University of Adelaide Theatre Guild. Little Theatre. 9 Oct 2021
Some Americans walk the Appalachian Trail. Some do the Trans-American Trail, a 4000-mile bike epic whence a back wheel is dipped in the Pacific waters and the front in the Atlantic.
Feckless student Leo takes on this journey, ending up on the doorstep of his grandmother’s apartment in Greenwich Village. He’s extremely grubby and traumatised by the death of his riding companion en route. Grandma is in the early stages of dementia. She barely knows him but takes him in and blithely gives him play money to explore New York. It’s a tenuous relationship which Amy Herzog’s play gently develops. Oddly, none of the characters are truly likeable, including the two girls who pop into Leo’s life. Set in 2007, it could be described as neo-kitchen-sink drama. Embodying a sense of urban vérité, families and neighbours co-exist but never really get close; the people seem to listen but never hear each other.
The triste of the tale is grandmother Vera for whom the month of unexpected cohabitation fractures her solitude and gives her a taste of unlikely fellowship.
It is a play in which nothing happens and life is a series of incidents. The old girl is caught without her teeth. She doesn’t bother with her hearing aid. The lad reunites with a fellow biker girlfriend but does not connect. He brings home a rich Chinese “valley girl” called Amanda who is attracted to his mountain-man scruffiness but appalled by his politics.
The scenes with grandmother Vera deliver a lovely observation of the eternal domination of trivia over daily life and poignantly, of the vulnerabilities of aging. In this context, Julie Quick gives a superb performance, artfully assuming the posture and vocal modulations of this stoic New York senior toughing it out against the odds of her own diminishing capabilities. She is pure New York, the loneliness of the long-term tenant.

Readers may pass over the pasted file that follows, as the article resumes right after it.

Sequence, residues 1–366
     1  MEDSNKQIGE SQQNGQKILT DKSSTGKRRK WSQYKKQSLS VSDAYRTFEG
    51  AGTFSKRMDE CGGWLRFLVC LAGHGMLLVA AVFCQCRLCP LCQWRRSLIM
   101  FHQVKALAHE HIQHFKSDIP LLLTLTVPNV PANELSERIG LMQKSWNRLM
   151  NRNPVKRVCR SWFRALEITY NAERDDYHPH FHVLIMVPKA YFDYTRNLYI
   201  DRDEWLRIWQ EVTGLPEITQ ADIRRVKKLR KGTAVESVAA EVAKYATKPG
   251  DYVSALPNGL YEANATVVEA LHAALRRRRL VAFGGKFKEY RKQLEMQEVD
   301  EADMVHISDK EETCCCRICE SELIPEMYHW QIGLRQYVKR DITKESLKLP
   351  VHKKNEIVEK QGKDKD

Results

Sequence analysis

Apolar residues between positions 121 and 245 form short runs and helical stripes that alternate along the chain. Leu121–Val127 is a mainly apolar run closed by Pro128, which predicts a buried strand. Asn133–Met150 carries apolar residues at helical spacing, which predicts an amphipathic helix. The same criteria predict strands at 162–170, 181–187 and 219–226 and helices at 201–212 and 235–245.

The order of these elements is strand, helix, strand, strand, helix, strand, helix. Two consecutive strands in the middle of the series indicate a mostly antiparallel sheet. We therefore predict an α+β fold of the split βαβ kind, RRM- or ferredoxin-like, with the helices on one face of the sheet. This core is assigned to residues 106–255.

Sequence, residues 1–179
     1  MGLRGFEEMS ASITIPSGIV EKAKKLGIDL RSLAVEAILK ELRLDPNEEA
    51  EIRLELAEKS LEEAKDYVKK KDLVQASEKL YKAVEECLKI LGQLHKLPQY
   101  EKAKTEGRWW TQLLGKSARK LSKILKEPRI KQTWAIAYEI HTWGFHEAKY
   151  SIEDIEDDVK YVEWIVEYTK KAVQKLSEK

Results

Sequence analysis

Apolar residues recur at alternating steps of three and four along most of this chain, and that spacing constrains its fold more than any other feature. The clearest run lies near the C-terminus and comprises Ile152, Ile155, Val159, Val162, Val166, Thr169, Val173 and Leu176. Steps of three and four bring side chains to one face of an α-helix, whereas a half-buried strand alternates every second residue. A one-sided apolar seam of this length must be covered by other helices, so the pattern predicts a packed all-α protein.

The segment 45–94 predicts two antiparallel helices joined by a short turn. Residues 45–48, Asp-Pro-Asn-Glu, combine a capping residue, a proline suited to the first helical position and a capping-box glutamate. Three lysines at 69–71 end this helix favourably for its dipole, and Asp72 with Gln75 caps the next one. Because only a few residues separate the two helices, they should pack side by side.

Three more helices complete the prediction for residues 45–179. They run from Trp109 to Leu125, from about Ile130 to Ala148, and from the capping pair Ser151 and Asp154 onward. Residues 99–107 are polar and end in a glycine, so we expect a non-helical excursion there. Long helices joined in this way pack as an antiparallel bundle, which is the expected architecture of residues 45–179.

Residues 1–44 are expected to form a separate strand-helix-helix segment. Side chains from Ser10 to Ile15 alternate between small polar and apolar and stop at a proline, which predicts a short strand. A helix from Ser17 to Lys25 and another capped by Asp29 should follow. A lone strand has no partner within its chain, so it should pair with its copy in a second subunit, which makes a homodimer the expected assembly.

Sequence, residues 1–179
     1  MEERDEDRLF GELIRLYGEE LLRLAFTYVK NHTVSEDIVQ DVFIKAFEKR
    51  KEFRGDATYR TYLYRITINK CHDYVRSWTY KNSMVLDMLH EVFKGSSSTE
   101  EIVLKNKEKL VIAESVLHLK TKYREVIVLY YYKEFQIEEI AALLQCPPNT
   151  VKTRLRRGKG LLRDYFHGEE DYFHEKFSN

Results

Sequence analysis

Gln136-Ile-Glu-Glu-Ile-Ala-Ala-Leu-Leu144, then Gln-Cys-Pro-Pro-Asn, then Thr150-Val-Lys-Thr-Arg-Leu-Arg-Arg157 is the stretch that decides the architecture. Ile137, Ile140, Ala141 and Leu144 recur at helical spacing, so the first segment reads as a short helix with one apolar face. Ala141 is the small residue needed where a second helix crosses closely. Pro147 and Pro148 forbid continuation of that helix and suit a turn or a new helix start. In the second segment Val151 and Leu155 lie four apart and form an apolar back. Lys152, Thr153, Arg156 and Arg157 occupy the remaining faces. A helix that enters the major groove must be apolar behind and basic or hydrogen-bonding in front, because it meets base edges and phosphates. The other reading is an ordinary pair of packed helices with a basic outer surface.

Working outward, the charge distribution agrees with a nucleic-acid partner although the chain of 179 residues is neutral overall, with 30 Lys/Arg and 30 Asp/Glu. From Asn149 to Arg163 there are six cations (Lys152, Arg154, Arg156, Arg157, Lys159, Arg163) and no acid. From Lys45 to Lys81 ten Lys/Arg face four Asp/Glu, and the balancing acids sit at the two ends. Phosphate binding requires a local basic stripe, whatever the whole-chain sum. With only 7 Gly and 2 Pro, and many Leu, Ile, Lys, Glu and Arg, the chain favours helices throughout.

Jackson Barnard shows a very easy, naturalist acting skill as grandson Leo, and a lovely sense of humorous nuance. For, indeed, this minor work is not without its funny moments. It blooms into wild comic relief when Amanda comes onto the scene, a torrent of OMG vapidity exquisitely delivered by Naomi Gomez, a bright new actress to watch out for.
The cycling girlfriend, Bec, is played by Laura Antoniazzi who has steadily established herself as a talented and versatile ensemble player and in this production, capably directed by Eric Strauts, she builds on this reputation.
Designer, Nicole Puttins has cleverly used every inch of the Little Theatre’s performance spaces with a comfy domestic set, including an apartment door on the upper level of the auditorium and a balcony or rooftop setting on the mezzanine, which could be a little further forward to improve visibility. But, apart from somewhat slow scene changes and some oddly sketchy continuity in the script, this Guild production is strangely satisfying, and a triumph for Julie Quick.
When: 9 to 23 Oct
Where: The Little Theatre